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Monday, September 21, 2009

Militant Grammarians Unite!

Here’s another grammar issue brought up to me by my good friend at Katy Streams Her Consciousness*. This is a pretty easy one to fix but a difficult one to remember, especially in the fever of writing, but I thought y’all should be armed with this information since there are a lot of undercover grammarphiles out there just waiting to pounce on you when you least expect it**.

i.e. vs. e.g.

i.e. is Latin for id est, which essentially means “that is”. So you use i.e. for those circumstances when you are clarifying the preceding statement. For example: That person exhibited the trait I hate most, i.e. bad hygiene.

e.g. is Latin for exempli gratia which means “for the sake of example” or “for example”. So you use e.g. when you are going to clarify by way of a series of examples. To reuse the preceding example with the requisite changes: That person exhibited the traits I hate most, e.g. bad hygiene, long hair, short shorts, etc.

I hope that clears that up. I’d hate y’all to find yourselves unwittingly grammar-mugged over something so simple. In the meantime, L's & G's, keep your friends close and your modifiers even closer, lest they dangle embarrassingly. TTFN.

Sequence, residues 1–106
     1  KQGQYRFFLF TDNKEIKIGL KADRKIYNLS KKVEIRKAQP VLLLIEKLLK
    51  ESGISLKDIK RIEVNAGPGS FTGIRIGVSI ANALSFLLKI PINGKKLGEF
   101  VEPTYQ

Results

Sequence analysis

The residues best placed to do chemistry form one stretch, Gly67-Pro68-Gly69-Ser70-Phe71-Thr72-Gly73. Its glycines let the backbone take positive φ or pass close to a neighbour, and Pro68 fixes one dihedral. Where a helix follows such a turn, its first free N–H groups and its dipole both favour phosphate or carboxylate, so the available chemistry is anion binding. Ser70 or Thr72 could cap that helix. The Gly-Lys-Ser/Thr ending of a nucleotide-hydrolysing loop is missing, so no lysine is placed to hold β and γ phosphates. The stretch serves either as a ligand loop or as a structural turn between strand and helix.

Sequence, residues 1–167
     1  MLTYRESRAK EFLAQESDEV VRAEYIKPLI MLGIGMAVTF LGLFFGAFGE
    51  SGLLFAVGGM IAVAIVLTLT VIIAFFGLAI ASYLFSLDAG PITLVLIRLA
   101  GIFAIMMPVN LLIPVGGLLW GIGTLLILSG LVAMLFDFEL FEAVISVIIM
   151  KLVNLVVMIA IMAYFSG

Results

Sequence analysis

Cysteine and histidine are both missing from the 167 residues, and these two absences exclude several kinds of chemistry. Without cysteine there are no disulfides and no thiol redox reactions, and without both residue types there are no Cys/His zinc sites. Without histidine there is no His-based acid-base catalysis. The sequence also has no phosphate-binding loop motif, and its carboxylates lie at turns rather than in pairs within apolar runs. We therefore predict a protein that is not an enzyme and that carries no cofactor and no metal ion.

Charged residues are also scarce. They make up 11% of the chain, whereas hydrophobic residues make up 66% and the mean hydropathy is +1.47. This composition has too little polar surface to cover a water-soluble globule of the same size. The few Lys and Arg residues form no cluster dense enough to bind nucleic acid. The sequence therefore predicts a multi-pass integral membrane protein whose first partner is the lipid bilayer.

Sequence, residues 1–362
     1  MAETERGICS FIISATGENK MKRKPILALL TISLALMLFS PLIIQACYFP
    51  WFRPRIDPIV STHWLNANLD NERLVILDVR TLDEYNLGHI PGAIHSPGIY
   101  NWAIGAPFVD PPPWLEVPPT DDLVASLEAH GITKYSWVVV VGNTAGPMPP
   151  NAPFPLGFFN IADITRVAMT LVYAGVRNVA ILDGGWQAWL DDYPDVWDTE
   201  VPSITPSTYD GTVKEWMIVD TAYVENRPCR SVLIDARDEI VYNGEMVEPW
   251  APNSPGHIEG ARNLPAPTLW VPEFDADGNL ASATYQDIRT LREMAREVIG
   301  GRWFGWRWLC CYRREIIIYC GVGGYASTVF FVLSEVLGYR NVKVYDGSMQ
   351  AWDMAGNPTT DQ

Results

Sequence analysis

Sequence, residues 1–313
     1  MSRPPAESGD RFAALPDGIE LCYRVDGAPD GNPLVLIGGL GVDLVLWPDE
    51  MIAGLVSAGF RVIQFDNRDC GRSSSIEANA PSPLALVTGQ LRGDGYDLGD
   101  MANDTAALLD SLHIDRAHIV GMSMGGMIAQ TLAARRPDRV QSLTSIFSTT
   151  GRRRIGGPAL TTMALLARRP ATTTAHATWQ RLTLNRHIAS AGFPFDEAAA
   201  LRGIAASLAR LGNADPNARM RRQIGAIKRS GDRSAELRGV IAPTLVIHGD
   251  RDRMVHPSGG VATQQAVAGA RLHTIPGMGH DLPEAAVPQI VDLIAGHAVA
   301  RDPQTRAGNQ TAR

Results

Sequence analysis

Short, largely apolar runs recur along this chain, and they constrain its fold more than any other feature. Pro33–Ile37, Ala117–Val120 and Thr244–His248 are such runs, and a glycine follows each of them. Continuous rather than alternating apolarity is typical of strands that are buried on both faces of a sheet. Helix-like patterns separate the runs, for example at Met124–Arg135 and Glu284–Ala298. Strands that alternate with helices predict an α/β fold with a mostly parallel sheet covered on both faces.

*Ostensibly because I used i.e. incorrectly in an earlier post. For the record, I am not in any way, shape, or form, an authority on grammar or the use of ancient Latin acronyms, which is why I've decided to write these occasional grammar posts: for your sakes, and for my own.
**Like when you've written a particularly sloppy e-mail at 3 in the AM and sent the sloppy e-mail to about 50 of your friends and then the grammarphile replies^ to all correcting your grammar and/or spelling  or whether you capitalized Saturday or something. Militant Grammarians are everywhere, people, waiting, biding their time until they can jump out of the internet version of a deep, dark alleyway and take your grammar lunch money. Beware, my friends, beware. 
         ^approximately 5 minutes after your original e-mail, of course.